Washington’s crusade against consumer protections continued last week when the U.S. Senate voted to kill a rule that would have allowed consumers to file class-action lawsuits against financial institutions. The reinstatement of the status quo means that big banks can force its customers into private arbitration if a dispute arises. President Donald Trump is expected to sign off on the elimination of the Consumer Financial Protection Bureau rule.
“It’s really not a boon for consumers,” Michael said, contradicting the White House’s position on the rule change. “In fact it’s anti-consumer.”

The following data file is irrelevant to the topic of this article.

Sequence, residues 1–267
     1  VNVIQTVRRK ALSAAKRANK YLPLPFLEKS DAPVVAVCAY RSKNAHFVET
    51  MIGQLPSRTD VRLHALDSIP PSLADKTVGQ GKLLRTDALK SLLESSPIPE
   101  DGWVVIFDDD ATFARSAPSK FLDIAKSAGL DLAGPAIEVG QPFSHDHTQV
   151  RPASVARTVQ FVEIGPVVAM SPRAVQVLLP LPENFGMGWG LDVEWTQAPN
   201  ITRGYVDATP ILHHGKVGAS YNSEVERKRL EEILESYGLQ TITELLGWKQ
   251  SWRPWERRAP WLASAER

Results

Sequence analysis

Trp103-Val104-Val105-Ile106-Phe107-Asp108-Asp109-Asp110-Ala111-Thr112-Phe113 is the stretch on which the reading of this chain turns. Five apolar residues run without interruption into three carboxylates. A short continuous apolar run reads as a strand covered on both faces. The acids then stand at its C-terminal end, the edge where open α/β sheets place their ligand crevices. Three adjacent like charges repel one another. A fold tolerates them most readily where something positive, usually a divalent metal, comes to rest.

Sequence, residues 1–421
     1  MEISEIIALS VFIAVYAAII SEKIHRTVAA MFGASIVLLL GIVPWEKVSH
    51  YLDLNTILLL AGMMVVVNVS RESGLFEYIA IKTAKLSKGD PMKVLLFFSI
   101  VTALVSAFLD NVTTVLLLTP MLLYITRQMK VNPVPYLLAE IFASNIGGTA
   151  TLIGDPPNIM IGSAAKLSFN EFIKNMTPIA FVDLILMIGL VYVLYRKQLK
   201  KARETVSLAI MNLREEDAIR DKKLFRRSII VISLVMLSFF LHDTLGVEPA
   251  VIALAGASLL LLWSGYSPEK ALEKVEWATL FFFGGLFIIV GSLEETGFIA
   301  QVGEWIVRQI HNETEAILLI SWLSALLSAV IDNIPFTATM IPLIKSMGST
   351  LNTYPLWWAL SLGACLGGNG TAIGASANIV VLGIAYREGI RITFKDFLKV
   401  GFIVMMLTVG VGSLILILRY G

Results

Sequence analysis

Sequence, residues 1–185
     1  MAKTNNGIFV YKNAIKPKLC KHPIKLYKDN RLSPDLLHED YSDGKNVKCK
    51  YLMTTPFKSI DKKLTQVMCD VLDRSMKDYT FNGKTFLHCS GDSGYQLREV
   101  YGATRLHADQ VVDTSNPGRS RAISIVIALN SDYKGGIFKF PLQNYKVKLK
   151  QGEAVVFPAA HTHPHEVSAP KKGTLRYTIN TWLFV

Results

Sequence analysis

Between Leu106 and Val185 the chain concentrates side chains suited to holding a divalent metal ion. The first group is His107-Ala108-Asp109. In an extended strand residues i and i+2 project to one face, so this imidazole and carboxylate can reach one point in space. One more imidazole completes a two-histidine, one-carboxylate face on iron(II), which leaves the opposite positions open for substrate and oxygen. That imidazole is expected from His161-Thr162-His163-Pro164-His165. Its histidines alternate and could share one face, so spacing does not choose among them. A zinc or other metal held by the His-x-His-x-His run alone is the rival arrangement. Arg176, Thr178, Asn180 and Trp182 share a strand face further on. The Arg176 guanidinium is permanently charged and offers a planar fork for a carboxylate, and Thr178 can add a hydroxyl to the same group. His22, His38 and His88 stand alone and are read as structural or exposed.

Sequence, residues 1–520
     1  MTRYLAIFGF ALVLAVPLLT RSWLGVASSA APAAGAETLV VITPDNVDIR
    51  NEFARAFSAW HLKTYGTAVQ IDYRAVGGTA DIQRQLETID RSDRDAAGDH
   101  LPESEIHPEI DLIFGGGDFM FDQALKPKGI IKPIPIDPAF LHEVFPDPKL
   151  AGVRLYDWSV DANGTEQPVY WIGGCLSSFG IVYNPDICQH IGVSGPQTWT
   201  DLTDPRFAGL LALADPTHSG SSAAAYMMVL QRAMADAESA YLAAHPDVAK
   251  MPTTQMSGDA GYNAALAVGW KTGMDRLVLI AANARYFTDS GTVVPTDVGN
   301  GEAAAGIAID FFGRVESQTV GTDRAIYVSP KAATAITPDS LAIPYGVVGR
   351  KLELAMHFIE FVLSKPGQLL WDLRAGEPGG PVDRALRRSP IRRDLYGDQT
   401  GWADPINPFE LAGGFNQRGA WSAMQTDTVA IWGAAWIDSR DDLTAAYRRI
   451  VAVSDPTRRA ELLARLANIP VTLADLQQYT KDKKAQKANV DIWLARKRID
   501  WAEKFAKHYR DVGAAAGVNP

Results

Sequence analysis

Michael explained that eliminating the rule not only severely limits the options of average consumers, but it also puts all the power in the hands of large corporations. While this specific rule only applies to financial institutions, it has wide-ranging implications since most consumer agreements include language about forced arbitration.
“It’s in a lot of the agreements,” Burg said. “If you looked in your iPhone, it’s a lot of language that you never would even read or even understand in which they prohibit you from filing an action against them in court and prohibit you from filing and being part of a class action.”
You can see the entire interview here.